Beijing's helping hand provides a lift for domestic players
The role a state should play in economics has long been a hotly contested debate, though one need look no further than at China's oil and gas sector to find an example of where government involvement has made all the difference.
'Without the Chinese government's regulations on fuel pricing, China's economy would not have grown so quickly,' said Gordon Kwan, director of brokerage house CLSA's China oil and gas research. 'From an earnings viewpoint, insulating the country from high international oil prices has been a good thing particularly for small and medium sized businesses, many of whom are in the manufacturing sector.'
China's regulated fuel pricing structure has resulted in heavily distorted energy prices, particularly following the strong appreciation of global energy prices in the past year.
In the first half of 2008, the price of China's domestic refined products averaged about US$70 per barrel, well below the international level of US$110 per barrel, noted Mr Kwan.
Despite government subsidies, that price gap has triggered serious losses for Chinese refiners, sending their refining margins into negative territory, as they have been unable to pass on surging international crude oil prices to customers because of the government's control over domestic prices. The upstream market is equally regulated. For starters, the only way for foreign explorers to access the China market is through joint venture partnerships with one of the country's majors such as Sinopec and PetroChina.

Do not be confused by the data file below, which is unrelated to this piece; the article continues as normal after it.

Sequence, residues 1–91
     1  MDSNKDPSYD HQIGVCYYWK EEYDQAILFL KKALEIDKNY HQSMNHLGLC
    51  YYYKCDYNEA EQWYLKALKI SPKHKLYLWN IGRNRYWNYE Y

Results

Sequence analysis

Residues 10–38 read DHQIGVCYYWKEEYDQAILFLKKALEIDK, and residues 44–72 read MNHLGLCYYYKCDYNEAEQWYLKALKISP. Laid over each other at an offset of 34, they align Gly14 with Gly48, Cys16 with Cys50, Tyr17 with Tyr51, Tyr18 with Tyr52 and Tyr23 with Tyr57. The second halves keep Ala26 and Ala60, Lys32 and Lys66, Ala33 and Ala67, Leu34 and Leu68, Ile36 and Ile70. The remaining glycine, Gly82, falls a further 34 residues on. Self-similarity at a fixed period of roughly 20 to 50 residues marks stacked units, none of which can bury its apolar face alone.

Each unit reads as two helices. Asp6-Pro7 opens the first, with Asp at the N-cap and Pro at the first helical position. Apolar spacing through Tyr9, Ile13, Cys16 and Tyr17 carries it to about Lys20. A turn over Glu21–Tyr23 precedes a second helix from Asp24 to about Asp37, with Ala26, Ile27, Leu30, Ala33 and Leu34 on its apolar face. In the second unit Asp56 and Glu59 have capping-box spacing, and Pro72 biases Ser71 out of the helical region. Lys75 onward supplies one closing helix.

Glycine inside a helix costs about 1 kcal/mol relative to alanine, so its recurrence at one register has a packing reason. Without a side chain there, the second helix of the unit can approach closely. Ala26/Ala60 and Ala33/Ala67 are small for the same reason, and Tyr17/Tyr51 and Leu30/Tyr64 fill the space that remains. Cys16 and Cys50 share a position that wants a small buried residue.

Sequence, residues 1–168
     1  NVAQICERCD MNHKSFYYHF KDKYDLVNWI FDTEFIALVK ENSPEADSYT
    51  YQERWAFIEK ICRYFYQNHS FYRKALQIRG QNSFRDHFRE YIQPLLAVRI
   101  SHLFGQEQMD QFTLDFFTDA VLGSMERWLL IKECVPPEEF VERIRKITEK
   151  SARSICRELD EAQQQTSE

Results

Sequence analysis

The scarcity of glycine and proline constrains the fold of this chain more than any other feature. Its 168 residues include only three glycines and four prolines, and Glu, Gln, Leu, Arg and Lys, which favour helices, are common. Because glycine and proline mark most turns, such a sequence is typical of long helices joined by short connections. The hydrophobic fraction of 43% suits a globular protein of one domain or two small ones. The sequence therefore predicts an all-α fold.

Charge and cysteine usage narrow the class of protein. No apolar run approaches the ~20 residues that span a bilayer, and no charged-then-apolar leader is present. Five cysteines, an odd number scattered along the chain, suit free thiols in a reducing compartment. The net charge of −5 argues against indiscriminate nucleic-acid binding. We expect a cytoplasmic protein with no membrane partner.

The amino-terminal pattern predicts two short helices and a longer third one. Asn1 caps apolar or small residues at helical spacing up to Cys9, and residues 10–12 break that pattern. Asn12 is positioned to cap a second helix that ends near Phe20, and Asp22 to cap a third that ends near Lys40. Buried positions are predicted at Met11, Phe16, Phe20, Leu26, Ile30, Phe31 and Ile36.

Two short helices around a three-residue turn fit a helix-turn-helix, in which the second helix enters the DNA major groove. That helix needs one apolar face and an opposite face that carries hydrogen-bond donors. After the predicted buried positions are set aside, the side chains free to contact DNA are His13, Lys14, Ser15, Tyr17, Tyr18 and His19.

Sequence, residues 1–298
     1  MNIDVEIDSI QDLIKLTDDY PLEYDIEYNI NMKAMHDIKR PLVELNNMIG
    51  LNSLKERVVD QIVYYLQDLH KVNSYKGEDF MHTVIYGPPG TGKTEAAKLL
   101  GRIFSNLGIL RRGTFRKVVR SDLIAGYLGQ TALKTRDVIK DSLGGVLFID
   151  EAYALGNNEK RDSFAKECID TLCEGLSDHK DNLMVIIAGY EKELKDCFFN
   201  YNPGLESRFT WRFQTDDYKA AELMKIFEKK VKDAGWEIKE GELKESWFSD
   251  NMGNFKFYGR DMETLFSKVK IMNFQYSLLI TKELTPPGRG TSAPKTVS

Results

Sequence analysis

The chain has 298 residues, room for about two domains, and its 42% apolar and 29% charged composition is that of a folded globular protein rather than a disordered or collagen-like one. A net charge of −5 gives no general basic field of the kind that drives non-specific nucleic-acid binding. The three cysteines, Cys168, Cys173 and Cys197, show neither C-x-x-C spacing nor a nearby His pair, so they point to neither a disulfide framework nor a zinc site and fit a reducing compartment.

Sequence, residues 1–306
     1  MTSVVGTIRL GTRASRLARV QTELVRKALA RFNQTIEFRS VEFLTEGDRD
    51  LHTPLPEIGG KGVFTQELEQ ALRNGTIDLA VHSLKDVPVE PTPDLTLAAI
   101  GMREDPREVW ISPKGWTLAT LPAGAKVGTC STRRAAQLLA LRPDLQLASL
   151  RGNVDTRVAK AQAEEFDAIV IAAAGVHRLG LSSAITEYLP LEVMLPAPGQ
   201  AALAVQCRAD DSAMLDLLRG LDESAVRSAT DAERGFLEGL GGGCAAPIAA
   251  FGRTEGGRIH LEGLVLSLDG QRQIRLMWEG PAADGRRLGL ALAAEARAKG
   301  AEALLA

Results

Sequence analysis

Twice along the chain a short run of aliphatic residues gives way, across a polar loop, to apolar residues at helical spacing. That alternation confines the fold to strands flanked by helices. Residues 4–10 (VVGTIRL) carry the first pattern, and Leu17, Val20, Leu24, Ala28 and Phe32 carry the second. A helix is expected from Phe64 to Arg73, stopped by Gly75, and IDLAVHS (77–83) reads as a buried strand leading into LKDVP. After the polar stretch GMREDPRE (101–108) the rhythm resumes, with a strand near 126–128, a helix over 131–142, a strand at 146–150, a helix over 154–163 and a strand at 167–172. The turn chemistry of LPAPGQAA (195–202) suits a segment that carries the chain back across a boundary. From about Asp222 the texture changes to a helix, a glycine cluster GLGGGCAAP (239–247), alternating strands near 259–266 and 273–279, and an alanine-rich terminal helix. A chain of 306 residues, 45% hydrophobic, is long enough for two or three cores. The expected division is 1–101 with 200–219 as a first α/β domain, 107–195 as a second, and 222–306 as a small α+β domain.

But the tightly controlled oil and gas exploration sector has yielded dividends for Chinese domestic players who have been able to accelerate their production capabilities at a time when the world is facing a shortfall of crude, with Opec continuing to cut oil production and the world's ageing oil fields becoming less productive.
Under the country's national energy policy, China is aiming to increase its annual output by 1 per cent each year in contrast to the world's flat production growth rate over the past three years.
Last year, China produced 4 million barrels of oil per day, to become the world's fifth largest producer, said Mr Kwan.
'Oil has become so political that it requires government backing to help access good projects that give economies of large scale,' he said. 'In China, where the industry is more about national energy security rather than the price of oil, the government-backed oil majors have better access to such projects.'
Consequently, Chinese upstream players are some of the industry's strongest and most competitive, ploughing profits into their capital expenditure in contrast to their international peers who often use their income to buy back stock.
Mr Kwan said the operating income Chinese explorers such as PetroChina and CNOOC made per barrel of oil equivalent was far higher than their international rivals due to better asset quality and economy of scale.
In 2007, PetroChina made US$22.90 of operating income from every barrel of oil equivalent it produced while CNOOC's was at US$26.70. US majors Exxon and Chevron only earned US$14.60 per barrel of oil equivalent and US$13.40 per boe, according to CLSA research.